On the afternoon of Thursday, April 21, Jim Rutenberg’s voice beamed across Fresh Air with Terry Gross, a holy grail of media promotion, where he was appearing to discuss The Murdochs: Empire of Influence. The ambitious documentary series, based on Rutenberg and Jonathan Mahler’s 2019 New York Times Magazine opus about the Murdoch family, had just debuted on CNN+, a brand-new streaming service created by the original 24-hour cable news network. But there was a problem, and it was an awkward one—that same day, CNN’s new bosses at Warner Bros. Discovery announced that CNN+ would shut down on April 30, less than a month after its much-ballyhooed debut, which made Rutenberg’s Fresh Air segment a bit of a moot point.

After CNN+’s spectacular implosion, Empire of Influence and the rest of the platform’s programming was put on hold while the brass figured out what to do with it. Rutenberg and Mahler, who worked closely on the series as consulting producers, sat tight waiting to hear about next steps. But as Warner Bros. Discovery began retooling CNN for the post–Jeff Zucker era, under the direction of new CEO Chris Licht, ominous speculation began to swirl.

The narrative that quickly took hold in the media suggested the company wanted to move CNN closer to the center—away from the righteous diatribes that had come to define it during the Trump years, and back to more of a dispassionate, just-the-facts-ma’am presentation of the day’s news. On-air personalities seen as emblematic of the former approach were suddenly said to be on the chopping block. (Two such figures, Brian Stelter and John Harwood, would exit in the months to come.) And the specter of Warner Bros. Discovery shareholder John Malone loomed large. It was Malone, a libertarian cable pioneer and mentor to WBD chief David Zaslav, who had thoroughly unsettled CNN’s journalistic corps with a now infamous appearance on CNBC, speaking somewhat derisively of CNN while lauding his preferred network, Fox News—which, of course, is controlled by Rupert and Lachlan Murdoch. Would there be a home in this recalibrated, supposedly Malone-infused CNN for a heat-seeking Murdoch documentary, one that portrays Fox News critically and was based on a magazine feature that didn’t go over so well in Murdoch world? The conspiratorial whispers grew loud enough that Rutenberg and Mahler—who by early summer still hadn’t received word about a new air date—got a tip from a plugged-in journalist abroad who’d heard that WBD was going to make the series disappear.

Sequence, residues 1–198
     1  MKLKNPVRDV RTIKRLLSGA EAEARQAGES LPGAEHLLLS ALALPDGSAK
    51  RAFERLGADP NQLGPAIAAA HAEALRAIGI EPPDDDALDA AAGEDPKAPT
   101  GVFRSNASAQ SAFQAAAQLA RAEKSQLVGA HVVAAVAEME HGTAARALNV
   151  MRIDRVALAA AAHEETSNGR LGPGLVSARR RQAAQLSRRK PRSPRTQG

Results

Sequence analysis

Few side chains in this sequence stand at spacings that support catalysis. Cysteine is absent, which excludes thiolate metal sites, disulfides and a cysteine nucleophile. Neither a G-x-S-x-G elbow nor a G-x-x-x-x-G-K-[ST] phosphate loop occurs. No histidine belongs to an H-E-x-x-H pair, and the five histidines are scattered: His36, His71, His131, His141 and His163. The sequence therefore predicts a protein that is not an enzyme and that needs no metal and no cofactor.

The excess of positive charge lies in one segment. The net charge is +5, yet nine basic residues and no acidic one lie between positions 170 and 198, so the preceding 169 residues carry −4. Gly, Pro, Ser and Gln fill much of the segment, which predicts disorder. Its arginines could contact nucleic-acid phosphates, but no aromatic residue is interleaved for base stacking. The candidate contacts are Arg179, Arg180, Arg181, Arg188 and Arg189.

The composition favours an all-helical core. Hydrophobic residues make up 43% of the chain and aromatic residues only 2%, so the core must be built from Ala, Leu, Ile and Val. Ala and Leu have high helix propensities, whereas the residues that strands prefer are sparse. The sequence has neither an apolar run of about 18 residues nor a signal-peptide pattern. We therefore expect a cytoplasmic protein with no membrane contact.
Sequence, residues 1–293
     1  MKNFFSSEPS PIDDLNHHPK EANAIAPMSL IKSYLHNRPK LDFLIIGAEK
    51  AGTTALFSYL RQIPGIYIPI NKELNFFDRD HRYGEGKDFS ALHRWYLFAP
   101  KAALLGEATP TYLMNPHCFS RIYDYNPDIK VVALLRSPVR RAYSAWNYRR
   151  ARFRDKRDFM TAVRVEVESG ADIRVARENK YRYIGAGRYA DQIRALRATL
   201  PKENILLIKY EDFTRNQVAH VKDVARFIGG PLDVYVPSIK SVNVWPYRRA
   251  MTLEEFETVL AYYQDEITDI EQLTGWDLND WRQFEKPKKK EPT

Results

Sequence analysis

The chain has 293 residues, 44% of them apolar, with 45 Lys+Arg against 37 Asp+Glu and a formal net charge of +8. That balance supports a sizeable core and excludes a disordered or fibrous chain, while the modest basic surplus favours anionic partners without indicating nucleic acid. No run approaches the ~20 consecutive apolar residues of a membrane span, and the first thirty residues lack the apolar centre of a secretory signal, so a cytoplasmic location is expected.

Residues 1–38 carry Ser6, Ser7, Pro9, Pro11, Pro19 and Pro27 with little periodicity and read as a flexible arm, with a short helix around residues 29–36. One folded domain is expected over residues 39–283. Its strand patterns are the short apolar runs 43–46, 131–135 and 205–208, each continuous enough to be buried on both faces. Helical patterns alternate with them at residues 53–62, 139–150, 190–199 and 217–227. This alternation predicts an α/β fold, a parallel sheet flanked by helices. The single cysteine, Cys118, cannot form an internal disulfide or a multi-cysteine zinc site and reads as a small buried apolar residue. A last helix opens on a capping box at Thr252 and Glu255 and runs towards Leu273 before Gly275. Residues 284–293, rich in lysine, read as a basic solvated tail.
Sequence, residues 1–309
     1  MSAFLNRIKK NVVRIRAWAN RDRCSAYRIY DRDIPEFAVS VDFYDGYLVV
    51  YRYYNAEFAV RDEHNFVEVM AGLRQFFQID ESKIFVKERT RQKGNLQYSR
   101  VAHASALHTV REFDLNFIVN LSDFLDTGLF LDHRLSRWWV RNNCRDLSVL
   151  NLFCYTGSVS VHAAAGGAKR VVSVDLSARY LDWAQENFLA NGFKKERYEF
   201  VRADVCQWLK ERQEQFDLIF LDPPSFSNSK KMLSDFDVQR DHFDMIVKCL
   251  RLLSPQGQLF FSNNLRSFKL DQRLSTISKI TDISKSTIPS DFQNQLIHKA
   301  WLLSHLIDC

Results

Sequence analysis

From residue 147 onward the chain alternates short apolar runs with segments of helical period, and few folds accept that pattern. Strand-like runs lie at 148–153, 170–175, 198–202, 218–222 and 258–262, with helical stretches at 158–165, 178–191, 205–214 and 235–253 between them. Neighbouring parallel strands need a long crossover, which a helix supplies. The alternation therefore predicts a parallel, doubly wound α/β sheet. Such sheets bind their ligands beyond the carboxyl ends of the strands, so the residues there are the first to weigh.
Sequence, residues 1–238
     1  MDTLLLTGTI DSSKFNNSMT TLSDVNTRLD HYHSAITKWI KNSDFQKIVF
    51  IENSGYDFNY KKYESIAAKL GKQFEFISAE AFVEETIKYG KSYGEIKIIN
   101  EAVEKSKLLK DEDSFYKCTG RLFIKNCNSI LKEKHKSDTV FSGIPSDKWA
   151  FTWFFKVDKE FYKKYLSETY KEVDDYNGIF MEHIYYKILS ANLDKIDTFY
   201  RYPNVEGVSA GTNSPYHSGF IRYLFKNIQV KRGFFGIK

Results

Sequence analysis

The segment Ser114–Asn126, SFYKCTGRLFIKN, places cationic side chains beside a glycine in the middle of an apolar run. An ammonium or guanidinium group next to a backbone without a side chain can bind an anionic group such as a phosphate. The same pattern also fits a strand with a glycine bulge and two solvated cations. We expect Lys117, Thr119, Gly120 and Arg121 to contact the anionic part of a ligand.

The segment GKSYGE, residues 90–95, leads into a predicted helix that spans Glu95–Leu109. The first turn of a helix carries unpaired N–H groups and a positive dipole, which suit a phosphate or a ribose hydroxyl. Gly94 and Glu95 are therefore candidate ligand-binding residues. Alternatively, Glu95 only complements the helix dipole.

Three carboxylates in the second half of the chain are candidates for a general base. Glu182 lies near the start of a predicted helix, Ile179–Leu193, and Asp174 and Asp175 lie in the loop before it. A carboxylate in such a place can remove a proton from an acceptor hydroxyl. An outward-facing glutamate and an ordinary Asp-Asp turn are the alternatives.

In the end, the rumor-mongering turned out to be just that. After its ill-timed and little-seen streaming blip, Empire of Influence will finally get a proper liftoff this Sunday, when it premieres at 9 p.m. on CNN with the first and second episodes. It arrives at a moment of tumult for the Murdochs—albeit moderate tumult—between Dominion Voting Systems’ $1.7 billion defamation suit against Fox News; Lachlan’s adjacent legal tiff with the news website Crikey in the Murdochs’ native Australia; and Rupert’s still-fresh divorce from Jerry Hall. That all seems like child’s play compared to the utterly biblical scandals this family has weathered over the years. “The thing about the Murdochs,” Rutenberg said when I caught up with him and Mahler ahead of the premiere, “is that things are always a little hot for them.”